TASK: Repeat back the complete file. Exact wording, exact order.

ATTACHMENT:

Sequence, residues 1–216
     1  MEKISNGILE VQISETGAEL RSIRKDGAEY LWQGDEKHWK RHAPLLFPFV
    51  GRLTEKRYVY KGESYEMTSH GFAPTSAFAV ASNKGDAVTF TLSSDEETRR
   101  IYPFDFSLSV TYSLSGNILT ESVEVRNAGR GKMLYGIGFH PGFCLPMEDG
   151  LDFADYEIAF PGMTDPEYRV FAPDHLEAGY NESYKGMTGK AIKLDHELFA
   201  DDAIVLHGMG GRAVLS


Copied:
Sequence, residues 1–216
     1  MEKISNGILE VQISETGAEL RSIRKDGAEY LWQGDEKHWK RHAPLLFPFV
    51  GRLTEKRYVY KGESYEMTSH GFAPTSAFAV ASNKGDAVTF TLSSDEETRR
   101  IYPFDFSLSV TYSLSGNILT ESVEVRNAGR GKMLYGIGFH PGFCLPMEDG
   151  LDFADYEIAF PGMTDPEYRV FAPDHLEAGY NESYKGMTGK AIKLDHELFA
   201  DDAIVLHGMG GRAVLS